Third or fourth year doing events, we realized, we can really harness and tap into the community of attendees that we have, not just for future speakers and classes and master classes, but to connect people, how important that is. I mean, that's really the big function of community, is to connect and support each other. To say, I see you, you're like me, I know your job, I can help you. To say, we need to hire in someone to do this job and they want me to put it on Indeed and we're just gonna get thousands

people who aren't qualified, well, here's 3,000 people who aren't qualified. Let's start there. So yeah, I mean, it's, now it's great. We're in...

Gosh, 15 years since we started something like that, since I started working in consulting in CX and there are so many communities out there for people. It's niche communities too, which is great, for D to C markets or B to C or the people that are working, you know, like with GD Bliss and call centers and BPO markets and all that stuff. So it's been great to see how.

Sarah Hatter (08:55.982)
communities have evolved in the past few years. But I also have to be really transparent and grateful just to say that our attendees of our events built that community just by being present, being there, stating their needs and showing up for each other. I really wasn't a giant part of that other than just giving them a place to be and helping kind of fence it in a little bit, right?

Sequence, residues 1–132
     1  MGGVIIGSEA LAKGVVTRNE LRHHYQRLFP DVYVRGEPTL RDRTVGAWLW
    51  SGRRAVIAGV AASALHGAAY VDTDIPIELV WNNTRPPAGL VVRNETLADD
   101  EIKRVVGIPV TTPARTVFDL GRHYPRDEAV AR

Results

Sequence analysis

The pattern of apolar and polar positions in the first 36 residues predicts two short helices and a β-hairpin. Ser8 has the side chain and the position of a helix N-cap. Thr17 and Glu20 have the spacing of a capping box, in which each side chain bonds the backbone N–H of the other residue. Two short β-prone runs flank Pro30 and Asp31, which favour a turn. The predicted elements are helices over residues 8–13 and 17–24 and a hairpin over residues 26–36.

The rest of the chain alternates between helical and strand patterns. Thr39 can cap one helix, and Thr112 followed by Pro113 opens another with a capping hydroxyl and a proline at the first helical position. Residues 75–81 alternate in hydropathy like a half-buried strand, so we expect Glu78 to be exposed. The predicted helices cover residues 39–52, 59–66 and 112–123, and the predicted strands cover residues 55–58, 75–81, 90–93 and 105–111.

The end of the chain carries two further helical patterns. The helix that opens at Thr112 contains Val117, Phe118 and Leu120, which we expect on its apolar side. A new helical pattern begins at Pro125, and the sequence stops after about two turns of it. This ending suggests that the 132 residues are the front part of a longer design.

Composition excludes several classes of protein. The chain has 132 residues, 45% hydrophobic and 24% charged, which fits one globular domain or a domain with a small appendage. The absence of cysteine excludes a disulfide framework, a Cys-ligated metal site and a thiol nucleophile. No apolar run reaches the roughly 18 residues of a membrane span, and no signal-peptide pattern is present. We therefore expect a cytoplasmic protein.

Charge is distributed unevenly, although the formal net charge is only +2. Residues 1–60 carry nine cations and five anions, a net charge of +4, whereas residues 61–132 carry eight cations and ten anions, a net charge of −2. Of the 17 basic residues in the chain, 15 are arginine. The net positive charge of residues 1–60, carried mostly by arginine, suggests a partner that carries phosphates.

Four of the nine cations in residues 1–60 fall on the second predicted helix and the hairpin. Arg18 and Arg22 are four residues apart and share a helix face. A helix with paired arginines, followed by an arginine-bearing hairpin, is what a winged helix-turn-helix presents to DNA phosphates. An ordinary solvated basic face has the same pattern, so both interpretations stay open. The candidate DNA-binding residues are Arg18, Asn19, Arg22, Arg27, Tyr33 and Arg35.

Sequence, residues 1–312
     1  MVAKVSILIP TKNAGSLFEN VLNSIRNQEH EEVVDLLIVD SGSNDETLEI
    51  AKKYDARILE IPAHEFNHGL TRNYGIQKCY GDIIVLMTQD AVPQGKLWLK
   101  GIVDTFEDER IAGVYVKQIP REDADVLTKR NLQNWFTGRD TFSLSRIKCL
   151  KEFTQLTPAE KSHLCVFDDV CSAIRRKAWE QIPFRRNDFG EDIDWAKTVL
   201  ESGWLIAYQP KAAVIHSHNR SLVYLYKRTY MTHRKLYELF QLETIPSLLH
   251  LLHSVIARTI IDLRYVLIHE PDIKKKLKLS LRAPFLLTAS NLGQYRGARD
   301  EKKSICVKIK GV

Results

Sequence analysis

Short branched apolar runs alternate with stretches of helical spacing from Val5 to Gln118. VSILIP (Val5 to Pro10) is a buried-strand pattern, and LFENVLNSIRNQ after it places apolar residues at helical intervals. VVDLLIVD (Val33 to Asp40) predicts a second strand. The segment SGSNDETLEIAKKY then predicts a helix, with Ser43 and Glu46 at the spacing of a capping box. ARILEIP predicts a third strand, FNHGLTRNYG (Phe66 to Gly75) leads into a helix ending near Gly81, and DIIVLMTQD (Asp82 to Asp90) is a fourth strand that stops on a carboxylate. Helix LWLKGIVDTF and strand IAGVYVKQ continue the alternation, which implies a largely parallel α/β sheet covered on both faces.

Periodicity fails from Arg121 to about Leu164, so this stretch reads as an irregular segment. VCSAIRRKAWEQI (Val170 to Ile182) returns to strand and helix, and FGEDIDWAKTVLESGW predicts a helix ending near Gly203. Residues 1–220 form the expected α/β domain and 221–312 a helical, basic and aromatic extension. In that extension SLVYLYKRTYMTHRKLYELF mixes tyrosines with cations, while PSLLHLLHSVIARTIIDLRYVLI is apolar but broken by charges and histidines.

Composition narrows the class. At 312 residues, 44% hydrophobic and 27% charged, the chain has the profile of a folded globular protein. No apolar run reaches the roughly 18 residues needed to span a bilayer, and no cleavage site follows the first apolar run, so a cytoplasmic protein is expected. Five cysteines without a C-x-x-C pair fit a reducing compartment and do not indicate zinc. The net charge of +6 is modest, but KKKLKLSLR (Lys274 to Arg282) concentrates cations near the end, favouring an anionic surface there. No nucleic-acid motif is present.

Rob Dwyer (09:18.526)
Yeah. I wonder if you can tell me about kind of the journey of how the events have changed over time. I mean, you've been doing events for more than a decade now. And we've had this pandemic in the middle of that. Like, tell me about that.

Sarah Hatter (09:31.787)

Sarah Hatter (09:36.971)

Sarah Hatter (09:43.158)
Well, our events were always very simplified. And the first event that we ever did was really coming off the heels of me doing...

Probably 18 months to two years of speaking gigs as someone who would speak at tech events all over the world, I was just back to back to back. I think in one year alone, I was at 30 events. Most of the time, I was the only person talking about customer support or customer experience. Most of the time, I was the only person in the room who was interested in that. And probably 60% of the time, I was the only female speaker. Sometimes I was the only female in the entire room and that was Wild West too. We forget that that.

how close we are to those times, if you will. So I went into starting our event saying, I'm doing everything differently than what I've been experiencing. There's not gonna be any greasy pizza boxes and tote bags and shitty t-shirts, and we're not doing any of that stuff. We're really gonna focus on comprehensive, short, tactical talks, like Ted's style, real quick, on and off the stage. And my big thing, I think, I have like, usually have very simple rules about these events,

that I have absolutely never ever buckled on is no panels, no Q&A. We don't release the microphone wild to the audience for a lot of reasons. But that doesn't mean that we're not, we don't want people to talk about, you know, the talks that are on stage and ask questions and get to know people. So we facilitate that by having a lot of social time. When we started these events, we were going all out. We were, we were 400 people.

And then I think we got to a point where one time we had an event with 600 people in Portland, one day, 20 speakers, single track, nuts, right? This is just bonkers to even look back and think about it. And I think it was one of those events or maybe an event in San Francisco where we had multi tracks where we just had attendees say.